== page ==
Researchers have developed a new method for mapping global carbon emissions for individual cities on an hourly basis — a major improvement over previous techniques, which quantified greenhouse emissions less accurately and at coarser scales, according to researchers at Arizona State University.

The maps are derived from worldwide databases of population, power plants, and national fuel use statistics, and they encompass 15 years of data. Among other findings, the analysis revealed increased emissions in China, India, Europe, and the northern U.S. in 2010, after the peak of the global financial crisis.

Emissions-Before-After-Financial-Crisis-800
Annual fossil fuel emissions for two years on either side of the global financial crisis. The top map is the year 2006; bottom map is 2010. Red and orange indicate above average emissions, and green indicates below average emissions. (Map credit: Gurney lab, ASU)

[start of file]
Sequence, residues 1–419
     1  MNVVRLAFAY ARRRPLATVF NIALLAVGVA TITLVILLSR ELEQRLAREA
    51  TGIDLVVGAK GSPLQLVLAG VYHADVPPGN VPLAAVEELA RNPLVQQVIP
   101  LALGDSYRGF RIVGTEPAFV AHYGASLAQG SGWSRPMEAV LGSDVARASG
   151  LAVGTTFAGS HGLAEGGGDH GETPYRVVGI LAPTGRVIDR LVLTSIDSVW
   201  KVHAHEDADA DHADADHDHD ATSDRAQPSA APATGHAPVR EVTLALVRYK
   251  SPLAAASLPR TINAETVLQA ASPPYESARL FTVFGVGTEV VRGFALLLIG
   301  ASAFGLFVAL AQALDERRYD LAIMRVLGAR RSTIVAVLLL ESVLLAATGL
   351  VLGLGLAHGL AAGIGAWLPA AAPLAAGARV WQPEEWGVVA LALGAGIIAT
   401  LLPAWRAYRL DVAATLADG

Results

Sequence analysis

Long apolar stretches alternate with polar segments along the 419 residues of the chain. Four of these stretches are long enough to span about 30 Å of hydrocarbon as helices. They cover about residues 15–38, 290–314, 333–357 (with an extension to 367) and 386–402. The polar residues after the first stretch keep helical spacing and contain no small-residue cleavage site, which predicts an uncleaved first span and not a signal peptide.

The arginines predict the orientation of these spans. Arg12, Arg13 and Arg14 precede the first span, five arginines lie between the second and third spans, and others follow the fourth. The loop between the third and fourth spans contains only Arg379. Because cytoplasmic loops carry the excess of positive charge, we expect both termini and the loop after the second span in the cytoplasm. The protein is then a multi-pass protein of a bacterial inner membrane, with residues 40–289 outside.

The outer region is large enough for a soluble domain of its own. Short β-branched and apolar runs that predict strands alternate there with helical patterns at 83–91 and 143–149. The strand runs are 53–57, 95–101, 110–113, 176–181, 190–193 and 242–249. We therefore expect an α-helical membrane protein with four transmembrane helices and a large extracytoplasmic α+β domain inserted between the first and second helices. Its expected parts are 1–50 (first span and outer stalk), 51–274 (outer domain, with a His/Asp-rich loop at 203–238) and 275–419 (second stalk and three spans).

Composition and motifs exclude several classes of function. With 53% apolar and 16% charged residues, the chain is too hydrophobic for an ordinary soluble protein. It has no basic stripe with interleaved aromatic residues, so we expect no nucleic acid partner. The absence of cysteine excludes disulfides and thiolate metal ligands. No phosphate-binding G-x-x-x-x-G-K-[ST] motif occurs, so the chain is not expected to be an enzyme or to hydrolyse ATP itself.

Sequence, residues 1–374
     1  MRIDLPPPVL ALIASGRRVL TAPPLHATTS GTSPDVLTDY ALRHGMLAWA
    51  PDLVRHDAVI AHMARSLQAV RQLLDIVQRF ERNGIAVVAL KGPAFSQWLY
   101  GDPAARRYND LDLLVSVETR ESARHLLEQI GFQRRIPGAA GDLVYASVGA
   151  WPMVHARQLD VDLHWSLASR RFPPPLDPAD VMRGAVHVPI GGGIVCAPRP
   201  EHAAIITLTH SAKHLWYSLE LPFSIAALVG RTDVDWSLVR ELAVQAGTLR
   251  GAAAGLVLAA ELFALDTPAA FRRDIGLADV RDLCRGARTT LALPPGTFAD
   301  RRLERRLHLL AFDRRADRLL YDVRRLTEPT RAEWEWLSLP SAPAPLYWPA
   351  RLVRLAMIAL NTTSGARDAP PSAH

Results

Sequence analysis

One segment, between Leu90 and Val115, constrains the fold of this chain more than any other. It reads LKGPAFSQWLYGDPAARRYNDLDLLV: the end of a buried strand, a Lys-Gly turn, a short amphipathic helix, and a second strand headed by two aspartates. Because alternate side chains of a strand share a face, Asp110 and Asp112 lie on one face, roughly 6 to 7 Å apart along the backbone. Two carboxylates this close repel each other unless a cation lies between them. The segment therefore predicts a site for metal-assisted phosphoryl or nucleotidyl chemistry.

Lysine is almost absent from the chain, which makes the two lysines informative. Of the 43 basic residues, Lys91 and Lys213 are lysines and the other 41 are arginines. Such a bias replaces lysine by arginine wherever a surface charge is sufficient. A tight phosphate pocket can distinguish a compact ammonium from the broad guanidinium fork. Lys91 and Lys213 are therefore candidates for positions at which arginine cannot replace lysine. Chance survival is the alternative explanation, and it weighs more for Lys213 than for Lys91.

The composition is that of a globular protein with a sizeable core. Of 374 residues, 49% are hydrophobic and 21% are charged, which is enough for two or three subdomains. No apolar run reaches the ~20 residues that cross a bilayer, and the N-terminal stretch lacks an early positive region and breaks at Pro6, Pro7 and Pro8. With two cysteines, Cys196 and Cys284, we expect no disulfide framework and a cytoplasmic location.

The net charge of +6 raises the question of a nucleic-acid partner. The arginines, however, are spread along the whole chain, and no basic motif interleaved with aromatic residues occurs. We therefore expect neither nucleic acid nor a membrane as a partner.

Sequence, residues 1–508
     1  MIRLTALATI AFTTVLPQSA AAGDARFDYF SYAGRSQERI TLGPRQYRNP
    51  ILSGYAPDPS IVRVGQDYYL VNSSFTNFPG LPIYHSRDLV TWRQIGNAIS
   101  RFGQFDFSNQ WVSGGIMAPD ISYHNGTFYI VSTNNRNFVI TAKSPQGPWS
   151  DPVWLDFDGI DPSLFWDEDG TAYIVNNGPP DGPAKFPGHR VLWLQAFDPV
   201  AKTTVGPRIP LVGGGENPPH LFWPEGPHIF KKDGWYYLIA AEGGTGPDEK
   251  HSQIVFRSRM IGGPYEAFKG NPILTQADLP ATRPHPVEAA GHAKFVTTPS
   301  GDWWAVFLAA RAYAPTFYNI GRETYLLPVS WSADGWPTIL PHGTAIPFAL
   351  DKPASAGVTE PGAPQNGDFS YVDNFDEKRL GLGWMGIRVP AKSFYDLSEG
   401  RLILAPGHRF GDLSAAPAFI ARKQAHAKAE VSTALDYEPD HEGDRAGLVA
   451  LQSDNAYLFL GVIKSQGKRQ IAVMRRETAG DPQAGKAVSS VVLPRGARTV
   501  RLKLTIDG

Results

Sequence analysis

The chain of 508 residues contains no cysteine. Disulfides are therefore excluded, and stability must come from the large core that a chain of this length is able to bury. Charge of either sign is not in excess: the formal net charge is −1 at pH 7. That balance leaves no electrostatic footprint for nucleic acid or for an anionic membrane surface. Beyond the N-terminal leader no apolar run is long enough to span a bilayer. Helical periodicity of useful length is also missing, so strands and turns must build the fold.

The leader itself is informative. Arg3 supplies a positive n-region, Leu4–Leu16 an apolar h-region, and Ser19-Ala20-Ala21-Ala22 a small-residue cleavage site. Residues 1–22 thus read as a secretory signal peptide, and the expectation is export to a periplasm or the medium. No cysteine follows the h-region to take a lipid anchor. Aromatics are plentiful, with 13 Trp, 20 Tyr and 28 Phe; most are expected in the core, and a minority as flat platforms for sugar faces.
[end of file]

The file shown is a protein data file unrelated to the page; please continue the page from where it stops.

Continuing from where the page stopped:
The researchers say this reflects faster recoveries from the crisis in those regions compared to, for example, the southeastern U.S., where emissions lagged in 2010.

The results of the analysis match ground-level emissions measurements, confirming the accuracy of the maps, the researchers say. They hope the research can be used to help craft — and enforce — future emissions policies.



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